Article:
Appellant's application relates to a process for the preparation of pentaerythritol, which process is claimed to account for the recovery of much higher yields of the pentaerythritol from the crude reaction mixture containing formic acid. Appellant contends his novel step over the prior art is that of extracting the formic acid content of the mixture with a "formic acid solvent which is substantially water-immiscible and nonsolvent for the pentaerythritol" and that "The formic acid is extracted from the reaction mixture prior to the application of heat to concentrate the reaction mixture by evaporation." Appellant claims that by the use of this technique he avoids the formation of noncrystalline syrups, which syrups seriously interfere with the crystallization of pentaerythritol. In his specification appellant has disclosed that the following solvents may be used: "* * * aliphatic ketones such as ethyl butyl ketone, ethyl propyl ketone, methyl propyl ketone, diethyl ketone, etc; aliphatic acetates such as ethyl, propyl, butyl, amyl, hexyl, etc. acetates; and aliphatic ethers such as diethyl ether, diisopropyl ether, etc. are particularly satisfactory."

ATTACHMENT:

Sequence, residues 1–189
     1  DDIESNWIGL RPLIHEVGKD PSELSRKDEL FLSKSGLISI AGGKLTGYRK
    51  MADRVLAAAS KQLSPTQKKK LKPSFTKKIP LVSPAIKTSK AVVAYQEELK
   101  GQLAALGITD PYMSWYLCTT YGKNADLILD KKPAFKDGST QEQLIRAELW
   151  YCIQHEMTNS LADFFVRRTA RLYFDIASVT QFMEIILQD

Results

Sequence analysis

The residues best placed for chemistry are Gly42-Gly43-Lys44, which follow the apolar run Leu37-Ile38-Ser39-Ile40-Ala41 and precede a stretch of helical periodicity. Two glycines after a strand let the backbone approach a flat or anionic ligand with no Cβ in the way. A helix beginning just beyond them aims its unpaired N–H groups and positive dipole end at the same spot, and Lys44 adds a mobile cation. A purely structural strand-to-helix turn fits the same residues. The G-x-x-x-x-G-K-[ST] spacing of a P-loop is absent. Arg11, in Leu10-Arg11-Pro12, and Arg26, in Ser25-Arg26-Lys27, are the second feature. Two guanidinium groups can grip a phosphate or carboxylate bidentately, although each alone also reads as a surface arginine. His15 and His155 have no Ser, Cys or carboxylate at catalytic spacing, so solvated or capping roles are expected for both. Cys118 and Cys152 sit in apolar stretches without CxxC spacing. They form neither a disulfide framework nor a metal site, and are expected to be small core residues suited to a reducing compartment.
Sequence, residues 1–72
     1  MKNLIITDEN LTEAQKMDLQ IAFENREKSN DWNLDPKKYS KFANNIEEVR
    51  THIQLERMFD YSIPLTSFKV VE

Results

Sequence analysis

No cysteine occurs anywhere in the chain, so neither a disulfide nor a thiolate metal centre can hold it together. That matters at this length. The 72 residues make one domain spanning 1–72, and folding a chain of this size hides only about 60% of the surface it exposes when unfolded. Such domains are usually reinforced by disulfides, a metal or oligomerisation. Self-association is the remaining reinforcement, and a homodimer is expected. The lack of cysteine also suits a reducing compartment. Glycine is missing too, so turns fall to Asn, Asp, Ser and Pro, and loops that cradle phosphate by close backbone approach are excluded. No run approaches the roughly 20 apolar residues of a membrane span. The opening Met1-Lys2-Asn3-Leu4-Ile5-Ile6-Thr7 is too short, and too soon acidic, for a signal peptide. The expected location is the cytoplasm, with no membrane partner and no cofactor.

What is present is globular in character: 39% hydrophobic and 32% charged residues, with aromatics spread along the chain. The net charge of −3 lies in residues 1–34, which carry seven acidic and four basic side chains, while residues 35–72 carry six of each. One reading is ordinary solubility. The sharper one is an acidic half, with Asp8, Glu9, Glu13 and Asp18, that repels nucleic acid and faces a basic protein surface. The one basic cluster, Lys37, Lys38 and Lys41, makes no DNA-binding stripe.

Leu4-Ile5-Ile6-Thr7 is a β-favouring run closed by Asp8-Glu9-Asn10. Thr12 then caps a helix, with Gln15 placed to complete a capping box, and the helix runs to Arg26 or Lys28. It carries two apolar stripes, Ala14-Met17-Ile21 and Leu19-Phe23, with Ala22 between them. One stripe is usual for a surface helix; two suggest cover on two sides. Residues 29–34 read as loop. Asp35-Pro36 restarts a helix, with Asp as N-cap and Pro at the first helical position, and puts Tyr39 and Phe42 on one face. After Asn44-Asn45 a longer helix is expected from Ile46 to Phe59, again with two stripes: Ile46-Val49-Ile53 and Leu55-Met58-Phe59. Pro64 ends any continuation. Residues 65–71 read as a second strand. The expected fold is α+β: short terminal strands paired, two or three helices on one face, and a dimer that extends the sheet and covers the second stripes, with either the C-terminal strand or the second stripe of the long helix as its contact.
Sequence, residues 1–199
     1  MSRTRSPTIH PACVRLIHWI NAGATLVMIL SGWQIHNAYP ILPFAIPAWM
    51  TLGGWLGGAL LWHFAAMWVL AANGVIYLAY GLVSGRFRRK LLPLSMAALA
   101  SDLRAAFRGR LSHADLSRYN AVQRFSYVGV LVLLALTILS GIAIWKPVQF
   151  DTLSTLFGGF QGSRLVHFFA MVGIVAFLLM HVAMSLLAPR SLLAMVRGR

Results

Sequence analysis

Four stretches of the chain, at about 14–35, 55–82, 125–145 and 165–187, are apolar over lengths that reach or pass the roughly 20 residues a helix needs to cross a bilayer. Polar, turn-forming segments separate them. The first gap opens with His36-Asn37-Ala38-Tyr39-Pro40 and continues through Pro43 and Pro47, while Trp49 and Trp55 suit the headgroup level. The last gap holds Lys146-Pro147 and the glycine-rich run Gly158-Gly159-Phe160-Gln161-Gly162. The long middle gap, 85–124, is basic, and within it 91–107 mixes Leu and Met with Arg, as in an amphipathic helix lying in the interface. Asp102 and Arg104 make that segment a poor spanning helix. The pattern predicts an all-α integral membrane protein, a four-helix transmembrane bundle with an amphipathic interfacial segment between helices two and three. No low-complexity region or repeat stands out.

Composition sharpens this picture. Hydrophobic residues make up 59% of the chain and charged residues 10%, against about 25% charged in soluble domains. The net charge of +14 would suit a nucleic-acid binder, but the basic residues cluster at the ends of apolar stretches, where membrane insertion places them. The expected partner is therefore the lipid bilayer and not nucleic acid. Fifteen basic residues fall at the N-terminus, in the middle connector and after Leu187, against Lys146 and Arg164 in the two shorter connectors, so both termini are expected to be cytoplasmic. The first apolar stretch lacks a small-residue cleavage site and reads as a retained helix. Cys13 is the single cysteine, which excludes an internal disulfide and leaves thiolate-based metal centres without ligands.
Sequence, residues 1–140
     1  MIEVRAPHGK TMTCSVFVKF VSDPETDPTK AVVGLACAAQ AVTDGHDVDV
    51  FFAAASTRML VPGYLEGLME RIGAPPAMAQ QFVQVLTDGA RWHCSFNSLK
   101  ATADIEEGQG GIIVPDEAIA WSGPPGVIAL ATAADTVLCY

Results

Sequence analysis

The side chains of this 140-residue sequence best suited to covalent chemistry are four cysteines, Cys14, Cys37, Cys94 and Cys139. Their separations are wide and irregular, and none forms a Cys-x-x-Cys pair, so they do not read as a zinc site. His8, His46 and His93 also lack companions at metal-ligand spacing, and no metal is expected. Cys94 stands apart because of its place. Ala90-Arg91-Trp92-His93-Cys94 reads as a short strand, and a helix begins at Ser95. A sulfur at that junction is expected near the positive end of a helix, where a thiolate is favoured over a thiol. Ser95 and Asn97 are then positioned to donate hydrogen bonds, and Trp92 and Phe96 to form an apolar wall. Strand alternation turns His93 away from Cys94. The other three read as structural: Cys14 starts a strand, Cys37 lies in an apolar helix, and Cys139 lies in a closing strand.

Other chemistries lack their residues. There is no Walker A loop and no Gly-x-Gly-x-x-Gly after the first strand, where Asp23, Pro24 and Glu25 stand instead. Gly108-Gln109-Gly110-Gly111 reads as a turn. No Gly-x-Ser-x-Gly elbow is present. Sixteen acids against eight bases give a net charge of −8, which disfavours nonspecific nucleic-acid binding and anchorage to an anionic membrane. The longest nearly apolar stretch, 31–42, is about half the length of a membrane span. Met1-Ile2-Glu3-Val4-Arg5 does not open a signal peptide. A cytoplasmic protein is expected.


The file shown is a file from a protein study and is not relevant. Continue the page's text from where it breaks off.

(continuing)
No references were relied on as anticipatory of the claims but four references were cited to show the state of the art. They are
French Patent (Co. Nationale) 736,379 Sept. 19, 1932. Desvergnes "Chimie et Industrie, Vol. 29, pages 1263-1267 1933. Othmer 1,930,146 Oct. 10, 1933. Evans et al. 2,107,527 Feb. 8, 1938.
We quote from the brief of the Solicitor for the Patent Office the following description of the references, omitting page references as indicated by asterisks:
"The French patent describes the basic reaction between formaldehyde and acetaldehyde in alkaline medium to obtain pentaerythritite (pentaerythritol.) It also recognizes that formic acid in the form of sodium formate is a by-product of the reaction, and proposes to convert the alkaline formate to formic acid by acidifying the crude reaction mixture with hydrochloric acid and then expels the formic acid by evaporating the solution * * *.
"The Chimie et Industrie publication likewise describes the same basic reaction in forming pentaerythritol, using slaked lime as the catalyst, and sulfuric and oxalic acids as a precipitant for the catalyst action * * *.